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The cost of taking a ‘victory lap’

Why taking a fifth year to finish your degree might not be such a great idea
The cost of taking a 'victory lap'
Time means money. No, really. The more time you spend at school the more it will cost you. Photo credit: iStock

It’s okay to not have your sh-t together when you first head off to college. At that point in your life, you’re still just a kid trying to figure out this big scary world. This is why so many students take an extra year to finish their four-year degree with what many call a “victory lap”.

But with so much talk about the student debt crisis these days, how much can taking an extra year earn your degree add to your running balance with banks and student loan providers? According to a new study published by the Lending Tree, entitled “The Victory Lap”, they found that while taking an extra year may help students balance campus life and their studies at a reasonable pace, the added cost can be more than most students bargain for in the long run.

In this study, they found that by taking five years to graduate instead of four it may cost a student “between $29,000 (for in-state public tuition) and $52,000 a year (for private tuition) in principal and interest over the life of a typical student loan.” This amount will increase drastically for students who are paying out-of-state tuition.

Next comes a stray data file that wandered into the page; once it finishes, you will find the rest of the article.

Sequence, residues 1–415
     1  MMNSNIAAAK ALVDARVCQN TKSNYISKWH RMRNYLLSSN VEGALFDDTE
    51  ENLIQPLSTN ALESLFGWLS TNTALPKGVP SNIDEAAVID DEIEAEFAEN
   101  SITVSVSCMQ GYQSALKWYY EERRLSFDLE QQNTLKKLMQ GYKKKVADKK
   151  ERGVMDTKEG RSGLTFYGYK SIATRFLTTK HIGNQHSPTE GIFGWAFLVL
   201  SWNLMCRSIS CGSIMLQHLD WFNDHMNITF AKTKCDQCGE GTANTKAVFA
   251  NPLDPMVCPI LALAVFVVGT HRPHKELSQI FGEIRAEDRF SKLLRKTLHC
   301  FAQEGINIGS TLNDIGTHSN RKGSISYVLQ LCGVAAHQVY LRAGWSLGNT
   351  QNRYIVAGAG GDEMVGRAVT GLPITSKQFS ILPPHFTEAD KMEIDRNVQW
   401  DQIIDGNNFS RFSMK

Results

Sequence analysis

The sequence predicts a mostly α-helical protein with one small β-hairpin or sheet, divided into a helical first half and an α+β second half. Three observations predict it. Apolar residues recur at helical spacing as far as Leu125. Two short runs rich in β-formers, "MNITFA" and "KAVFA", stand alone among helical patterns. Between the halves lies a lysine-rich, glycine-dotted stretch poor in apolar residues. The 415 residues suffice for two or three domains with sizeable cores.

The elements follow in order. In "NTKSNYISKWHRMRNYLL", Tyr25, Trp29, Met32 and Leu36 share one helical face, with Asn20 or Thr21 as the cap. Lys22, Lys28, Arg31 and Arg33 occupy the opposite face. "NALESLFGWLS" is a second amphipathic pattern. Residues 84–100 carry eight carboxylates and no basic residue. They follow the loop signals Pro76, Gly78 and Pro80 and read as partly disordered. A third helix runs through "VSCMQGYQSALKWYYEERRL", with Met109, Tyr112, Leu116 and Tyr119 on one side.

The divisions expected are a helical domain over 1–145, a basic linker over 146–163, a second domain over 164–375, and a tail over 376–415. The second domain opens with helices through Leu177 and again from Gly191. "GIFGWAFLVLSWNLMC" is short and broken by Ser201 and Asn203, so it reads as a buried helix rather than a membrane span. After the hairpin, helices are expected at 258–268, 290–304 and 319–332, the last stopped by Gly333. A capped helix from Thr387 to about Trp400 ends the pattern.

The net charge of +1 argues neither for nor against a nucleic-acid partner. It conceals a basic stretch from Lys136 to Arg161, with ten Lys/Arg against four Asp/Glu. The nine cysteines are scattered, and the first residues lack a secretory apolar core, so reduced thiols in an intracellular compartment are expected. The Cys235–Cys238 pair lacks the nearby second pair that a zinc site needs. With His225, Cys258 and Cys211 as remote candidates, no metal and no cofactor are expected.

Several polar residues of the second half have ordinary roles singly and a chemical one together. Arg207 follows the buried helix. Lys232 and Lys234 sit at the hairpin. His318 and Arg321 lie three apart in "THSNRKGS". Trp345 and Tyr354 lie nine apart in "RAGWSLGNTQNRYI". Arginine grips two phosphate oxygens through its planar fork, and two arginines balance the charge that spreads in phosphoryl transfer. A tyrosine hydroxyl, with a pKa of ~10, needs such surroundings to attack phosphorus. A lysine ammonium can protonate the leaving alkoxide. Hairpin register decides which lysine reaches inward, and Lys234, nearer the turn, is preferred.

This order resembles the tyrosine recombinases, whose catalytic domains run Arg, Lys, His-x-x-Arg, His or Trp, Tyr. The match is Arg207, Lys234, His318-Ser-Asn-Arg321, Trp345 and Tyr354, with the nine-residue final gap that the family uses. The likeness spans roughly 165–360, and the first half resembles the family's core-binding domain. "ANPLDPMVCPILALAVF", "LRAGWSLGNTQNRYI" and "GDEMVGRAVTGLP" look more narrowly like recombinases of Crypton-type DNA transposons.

The study also shows that the highest rate of students taking these victory laps has been found at schools with larger graduating classes. “Schools with 30,000-40,000 students have the highest rates of fifth-year seniors,” the study says, “with 20.6% of students taking five years to graduate. Schools with 2,000-5,000 students have an average of 10.6% of students graduating in the fifth year.”


In connection with these statistics, they found that only 10.2% of undergraduate students from smaller private schools feel the need to take an extra year to earn their degrees while 16.3% of public school undergraduates feel they need more time.

In fact, the top five schools with the highest percentages of students graduating in five years all seem to be public schools.

Iowa State University (27%)

North Carolina State University at Raleigh (27%)

The University of California, San Diego (26%)

Western Washington University (26%)

Texas A&M University, College Station (25%)

By taking all of this information in, the connection is clear. By attending a school with an overwhelmingly large graduating class, you run the risk of losing focus on your studies and may need to take a “victory lap” in order to complete your studies. The only downfall to taking this extra time is that you could be adding a couple more digits to your already mounting student debt.  

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